posted on Aug, 13 2012 @ 04:17 PM
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Originally posted by 11235813213455
I think what we should do is demand they provide us with a reciept that itemizes what our individual taxes go to.



But that is the precise false solution the problem is set up to encourage us to grab for.

The hard cold reality is that for every single person who comes up with a way to "Fix" taxes,
the goverment has to add an entire room full of paid full-time people to over see the process and
make sure it's right.


If you want to make noise AND see some real tax solutions,
start using the words abrogate or repeal
and start discussing specific tax laws,
of which there are millions.


Mike Grouchy



posted on Aug, 13 2012 @ 04:22 PM
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The only moral thing to do is to allow people to keep the fruits of their labor and give it out, or not give it out, as THEY see fit.



posted on Aug, 15 2012 @ 11:34 AM
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A few things: Warren Buffet is a buffoon. He is only willing to pay higher income tax because his personal earnings are less than one percent of his total income, most of his money is made as the largest shareholder of Berkshire Hathaway. He is pushing for higher income taxes because it both sounds good, and doesn't affect him.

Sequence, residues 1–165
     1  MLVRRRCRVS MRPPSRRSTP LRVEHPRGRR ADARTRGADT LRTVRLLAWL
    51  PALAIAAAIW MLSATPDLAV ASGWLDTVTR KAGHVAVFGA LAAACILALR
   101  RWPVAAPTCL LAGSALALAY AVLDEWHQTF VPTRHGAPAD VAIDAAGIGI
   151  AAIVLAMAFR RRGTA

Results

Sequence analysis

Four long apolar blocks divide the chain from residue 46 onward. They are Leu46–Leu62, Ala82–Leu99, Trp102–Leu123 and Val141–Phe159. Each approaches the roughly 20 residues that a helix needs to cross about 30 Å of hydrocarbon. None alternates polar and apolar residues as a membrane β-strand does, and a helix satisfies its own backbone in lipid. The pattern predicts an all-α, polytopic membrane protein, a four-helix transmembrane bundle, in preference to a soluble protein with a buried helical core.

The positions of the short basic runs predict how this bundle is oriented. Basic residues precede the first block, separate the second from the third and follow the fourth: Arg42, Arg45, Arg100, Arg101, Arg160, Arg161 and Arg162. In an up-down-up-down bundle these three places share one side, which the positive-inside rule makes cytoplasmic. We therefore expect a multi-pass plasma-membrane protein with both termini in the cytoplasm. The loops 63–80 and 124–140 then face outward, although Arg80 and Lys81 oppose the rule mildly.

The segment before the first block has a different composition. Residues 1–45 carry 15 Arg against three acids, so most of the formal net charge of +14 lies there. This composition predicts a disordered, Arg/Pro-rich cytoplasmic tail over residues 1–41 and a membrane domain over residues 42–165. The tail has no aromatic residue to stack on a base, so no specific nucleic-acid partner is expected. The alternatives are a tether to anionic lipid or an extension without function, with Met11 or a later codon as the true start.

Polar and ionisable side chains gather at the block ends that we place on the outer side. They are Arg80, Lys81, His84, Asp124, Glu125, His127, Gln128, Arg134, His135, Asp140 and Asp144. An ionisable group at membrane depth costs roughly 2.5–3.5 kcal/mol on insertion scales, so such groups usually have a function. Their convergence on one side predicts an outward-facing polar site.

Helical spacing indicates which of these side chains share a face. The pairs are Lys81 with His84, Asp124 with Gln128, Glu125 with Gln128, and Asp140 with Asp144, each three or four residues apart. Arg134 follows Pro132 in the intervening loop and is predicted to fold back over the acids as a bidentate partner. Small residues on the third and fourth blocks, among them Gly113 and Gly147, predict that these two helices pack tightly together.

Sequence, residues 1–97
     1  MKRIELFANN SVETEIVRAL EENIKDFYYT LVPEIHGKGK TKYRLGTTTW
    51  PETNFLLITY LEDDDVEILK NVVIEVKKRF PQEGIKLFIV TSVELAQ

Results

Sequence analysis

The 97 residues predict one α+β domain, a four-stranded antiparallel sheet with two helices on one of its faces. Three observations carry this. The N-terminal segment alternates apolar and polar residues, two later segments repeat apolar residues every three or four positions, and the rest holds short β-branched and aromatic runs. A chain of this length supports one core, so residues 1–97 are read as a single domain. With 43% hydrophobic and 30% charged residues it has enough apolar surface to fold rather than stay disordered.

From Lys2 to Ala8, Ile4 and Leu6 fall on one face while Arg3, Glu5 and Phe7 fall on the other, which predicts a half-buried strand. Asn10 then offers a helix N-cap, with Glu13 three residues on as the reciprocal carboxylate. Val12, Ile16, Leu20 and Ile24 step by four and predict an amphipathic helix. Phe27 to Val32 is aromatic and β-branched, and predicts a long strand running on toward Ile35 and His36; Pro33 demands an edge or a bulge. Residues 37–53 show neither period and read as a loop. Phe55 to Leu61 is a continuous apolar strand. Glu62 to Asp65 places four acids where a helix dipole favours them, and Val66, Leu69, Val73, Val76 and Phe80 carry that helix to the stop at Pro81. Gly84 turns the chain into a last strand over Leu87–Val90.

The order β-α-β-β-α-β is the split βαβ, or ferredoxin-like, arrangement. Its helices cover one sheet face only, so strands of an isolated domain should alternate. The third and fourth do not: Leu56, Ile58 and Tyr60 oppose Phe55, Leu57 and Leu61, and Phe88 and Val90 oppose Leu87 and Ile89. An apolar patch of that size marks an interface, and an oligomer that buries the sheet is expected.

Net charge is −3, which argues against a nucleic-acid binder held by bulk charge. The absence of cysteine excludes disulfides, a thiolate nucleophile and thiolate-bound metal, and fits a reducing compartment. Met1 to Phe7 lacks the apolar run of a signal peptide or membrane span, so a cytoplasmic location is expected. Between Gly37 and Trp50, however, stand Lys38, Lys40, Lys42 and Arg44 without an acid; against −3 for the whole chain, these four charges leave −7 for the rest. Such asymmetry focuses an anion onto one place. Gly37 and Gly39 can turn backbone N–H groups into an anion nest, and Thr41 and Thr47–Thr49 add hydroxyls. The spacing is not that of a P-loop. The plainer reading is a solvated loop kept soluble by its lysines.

The author in the article in the OP is falling for it, diminishing his own wealth, while Warren sits back and laughs. But, whatever.

Despite the title of the OP, this is in fact an economic debate, because if it doesn't make sense economically, there is no point in arguing it morally.

So, how does removing more money from those who are demonstrably better fit to manage it, improve the economy? How do the wealthy, who are so greedy and selfish, expand their wealth without also creating jobs, newer and cheaper products to remain competitive? Diminish their ability to support and expand their businesses, and you also diminish their ability to hire, limiting the number of jobs, AND limiting growth and development, and for both reasons, ultimately, limiting the increase in our living standards.

When was the last time you were hired by a poor person? How many things have you purchased that wouldn't have been available had it not been for some wealthy person's time, money, business sense, etc?

It seems to me that, to acquire, build, and sustain wealth, the rich themselves have to enrich the lives of their societies, and in doing so bring us all into a state of better living standards.

A company cannot force you to buy something, you only deal with those which you want to, and when this isn't the case, it is government, not the business, pushing you along.

The alternative, is to tax these business's to death, have all of the unemployed living off government taxes, and have all the workers being public sector, tax funded jobs.

Big Brother, or Personal Liberty; the choice is yours, will you do what you really want, or what, conveniently, they tell you they want?